On November 5, 2002, counsel filed a notice of appeal on petitioner's behalf. (Id. at 148.) The California Court of Appeal for the Third Appellate District affirmed the judgment against petitioner on September 8, 2004. (Am. Pet., Ex. A.) Petitioner subsequently filed a petition for review in the California Supreme Court, which was summarily denied by order dated December 1, 2004. (Am. Pet., Ex. C.)
At the time of trial, defendant was a 53-year-old male with a history of child molestation offenses dating back to before 1984. Defendant's attraction to prepubescent girls began when he was a teenager. While in the military, defendant sexually fondled two girls in a day care center where he worked as a volunteer. Defendant later married and moved to Texas with his wife and two children. He became a "house husband" and took care of his children as well as others in the area. He became sexually involved with some of the girls in his care. Defendant and his family moved to another area of Texas where he again became sexually involved with some girls he was baby-sitting.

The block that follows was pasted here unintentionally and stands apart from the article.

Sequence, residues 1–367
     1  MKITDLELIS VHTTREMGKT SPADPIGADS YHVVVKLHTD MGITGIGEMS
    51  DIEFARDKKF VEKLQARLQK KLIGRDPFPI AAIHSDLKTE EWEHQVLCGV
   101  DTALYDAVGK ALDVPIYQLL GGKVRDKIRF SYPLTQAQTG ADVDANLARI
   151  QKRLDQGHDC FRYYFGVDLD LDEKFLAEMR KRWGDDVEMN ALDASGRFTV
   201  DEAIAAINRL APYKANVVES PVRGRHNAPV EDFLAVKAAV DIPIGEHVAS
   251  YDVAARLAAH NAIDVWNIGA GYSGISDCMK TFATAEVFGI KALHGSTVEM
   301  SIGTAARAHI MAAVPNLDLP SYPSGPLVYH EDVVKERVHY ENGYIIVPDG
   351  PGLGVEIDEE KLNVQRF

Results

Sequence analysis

Defendant and his wife eventually moved to South Dakota where they got divorced. In South Dakota, defendant met E., the single mother of two children, C. and F. Soon after defendant began dating E., he initiated a relationship with C., who was seven to nine years old at the time. The relationship began by defendant wrestling with C. and moved on to nudity and sexual touching. Defendant and C. engaged in mutual masturbation and mutual oral copulation. Defendant also digitally penetrated C.'s vagina. Defendant sexually touched F. as well. Defendant believed the girls were being sexually provocative toward him. Defendant later married E. and adopted C. At some point, defendant began molesting friends of C. and F. There were a total of nine girls involved. The molestations continued for two to three years.